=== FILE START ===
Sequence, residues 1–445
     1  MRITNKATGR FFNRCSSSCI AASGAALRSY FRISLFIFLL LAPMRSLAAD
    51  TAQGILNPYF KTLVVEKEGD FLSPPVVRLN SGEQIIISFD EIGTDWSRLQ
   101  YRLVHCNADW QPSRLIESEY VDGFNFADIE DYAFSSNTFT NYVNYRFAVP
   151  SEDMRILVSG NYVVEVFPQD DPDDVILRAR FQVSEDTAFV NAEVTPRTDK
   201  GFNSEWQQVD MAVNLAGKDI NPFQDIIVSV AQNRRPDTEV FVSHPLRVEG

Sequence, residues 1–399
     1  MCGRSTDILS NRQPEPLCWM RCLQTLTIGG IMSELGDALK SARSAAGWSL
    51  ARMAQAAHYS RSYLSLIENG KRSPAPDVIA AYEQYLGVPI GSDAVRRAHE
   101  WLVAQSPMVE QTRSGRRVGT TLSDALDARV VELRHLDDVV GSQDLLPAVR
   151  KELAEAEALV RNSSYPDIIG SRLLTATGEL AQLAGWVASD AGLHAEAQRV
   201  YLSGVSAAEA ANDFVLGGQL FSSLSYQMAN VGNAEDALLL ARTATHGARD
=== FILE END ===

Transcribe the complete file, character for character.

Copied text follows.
Sequence, residues 1–445
     1  MRITNKATGR FFNRCSSSCI AASGAALRSY FRISLFIFLL LAPMRSLAAD
    51  TAQGILNPYF KTLVVEKEGD FLSPPVVRLN SGEQIIISFD EIGTDWSRLQ
   101  YRLVHCNADW QPSRLIESEY VDGFNFADIE DYAFSSNTFT NYVNYRFAVP
   151  SEDMRILVSG NYVVEVFPQD DPDDVILRAR FQVSEDTAFV NAEVTPRTDK
   201  GFNSEWQQVD MAVNLAGKDI NPFQDIIVSV AQNRRPDTEV FVSHPLRVEG

Sequence, residues 1–399
     1  MCGRSTDILS NRQPEPLCWM RCLQTLTIGG IMSELGDALK SARSAAGWSL
    51  ARMAQAAHYS RSYLSLIENG KRSPAPDVIA AYEQYLGVPI GSDAVRRAHE
   101  WLVAQSPMVE QTRSGRRVGT TLSDALDARV VELRHLDDVV GSQDLLPAVR
   151  KELAEAEALV RNSSYPDIIG SRLLTATGEL AQLAGWVASD AGLHAEAQRV
   201  YLSGVSAAEA ANDFVLGGQL FSSLSYQMAN VGNAEDALLL ARTATHGARD